Helen is Catherine’s friend. Her personage is quite interesting as she doesn’t play a role of a woman; she is more a personification of a parent. We mean that she’s a parental figure to Catherine and is very protective of her, maybe such kind of friendship is not as much strength as the one Henry and Piani had, but it definitely deserves to be highlighted.
Helen is a Scottish nurse. By the way, hearing the profession “nurse,” we immediately realize a good woman who has the only desire – to help. In some way it was true, she is really helpful, honest, reliable and always ready to serve. Catherine and Helen get acquainted exactly on the war, and exactly the war made them very close friends. As the novel goes on, we see something strange. Isn’t it Helen who completely falls in love with Henry even knowing that he is the love of Catherine? Yes, here we are.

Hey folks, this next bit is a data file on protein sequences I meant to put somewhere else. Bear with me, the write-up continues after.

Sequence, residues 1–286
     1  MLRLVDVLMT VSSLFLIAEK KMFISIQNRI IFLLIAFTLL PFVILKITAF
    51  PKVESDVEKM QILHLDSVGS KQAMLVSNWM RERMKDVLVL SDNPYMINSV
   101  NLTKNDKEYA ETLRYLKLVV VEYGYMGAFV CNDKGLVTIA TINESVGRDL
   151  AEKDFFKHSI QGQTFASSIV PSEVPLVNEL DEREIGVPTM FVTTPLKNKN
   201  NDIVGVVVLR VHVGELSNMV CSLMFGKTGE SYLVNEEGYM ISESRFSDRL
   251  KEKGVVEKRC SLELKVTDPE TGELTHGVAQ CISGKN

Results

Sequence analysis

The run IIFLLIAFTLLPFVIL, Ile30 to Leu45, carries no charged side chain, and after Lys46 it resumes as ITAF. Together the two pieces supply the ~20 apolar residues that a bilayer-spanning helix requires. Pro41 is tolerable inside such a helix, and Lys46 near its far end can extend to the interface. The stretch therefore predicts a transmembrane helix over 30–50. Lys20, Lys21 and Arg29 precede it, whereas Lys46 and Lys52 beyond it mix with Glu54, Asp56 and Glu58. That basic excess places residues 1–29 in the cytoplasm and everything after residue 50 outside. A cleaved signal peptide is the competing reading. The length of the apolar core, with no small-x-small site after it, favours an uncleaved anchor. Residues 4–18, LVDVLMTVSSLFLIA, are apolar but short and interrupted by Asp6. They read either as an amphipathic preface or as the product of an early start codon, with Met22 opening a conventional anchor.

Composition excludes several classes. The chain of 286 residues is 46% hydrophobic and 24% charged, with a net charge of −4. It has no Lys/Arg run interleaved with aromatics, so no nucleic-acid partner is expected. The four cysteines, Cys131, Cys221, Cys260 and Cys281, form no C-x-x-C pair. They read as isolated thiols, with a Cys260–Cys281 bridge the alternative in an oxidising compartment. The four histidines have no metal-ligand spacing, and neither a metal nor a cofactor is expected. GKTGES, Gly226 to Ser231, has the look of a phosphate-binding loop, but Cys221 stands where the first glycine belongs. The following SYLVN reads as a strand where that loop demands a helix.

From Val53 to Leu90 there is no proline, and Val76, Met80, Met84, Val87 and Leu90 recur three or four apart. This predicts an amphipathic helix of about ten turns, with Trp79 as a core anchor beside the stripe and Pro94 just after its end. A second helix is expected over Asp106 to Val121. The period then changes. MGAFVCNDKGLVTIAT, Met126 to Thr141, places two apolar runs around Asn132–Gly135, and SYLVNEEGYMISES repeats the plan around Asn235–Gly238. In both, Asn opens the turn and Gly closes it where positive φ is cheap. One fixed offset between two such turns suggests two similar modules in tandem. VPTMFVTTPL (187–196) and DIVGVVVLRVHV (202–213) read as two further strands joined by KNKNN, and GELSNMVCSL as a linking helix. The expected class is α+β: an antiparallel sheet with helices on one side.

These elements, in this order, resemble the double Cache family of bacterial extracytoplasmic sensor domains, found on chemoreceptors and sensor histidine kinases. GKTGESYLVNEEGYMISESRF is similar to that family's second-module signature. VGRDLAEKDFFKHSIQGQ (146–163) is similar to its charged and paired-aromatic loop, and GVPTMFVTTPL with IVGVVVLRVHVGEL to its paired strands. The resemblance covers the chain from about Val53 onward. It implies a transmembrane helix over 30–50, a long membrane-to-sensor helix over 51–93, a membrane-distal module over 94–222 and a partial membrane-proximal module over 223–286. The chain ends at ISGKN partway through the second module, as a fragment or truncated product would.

At first, she appeared to be a very good friend, who supported Catherine in her struggle to be with a man who she doesn’t know. But with some time her woman inner world showed itself – she started being jealous of being incapable of hiding it. (Yes, Hemingway’s reference to his love to women, because yes, really, it is the only thing we do – have sex, cry, and feel jealous. Hemingway, it’s not cool!)
As Helen later grows jealous of his and Catherine's relationship, she fears Catherine will abandon her. Her hysterical outburst over Henry and Catherine’s “immoral” affair establishes her as an unhappy woman who is paranoid about her friend’s safety and anxious about her own loneliness. That is why she is a parental figure of the book for Catherine, on the one hand, she wishes everything good to Catherine, and on the other hand, she can’t make up mind to the future relationships of her best friend.
Helen Ferguson in the Essays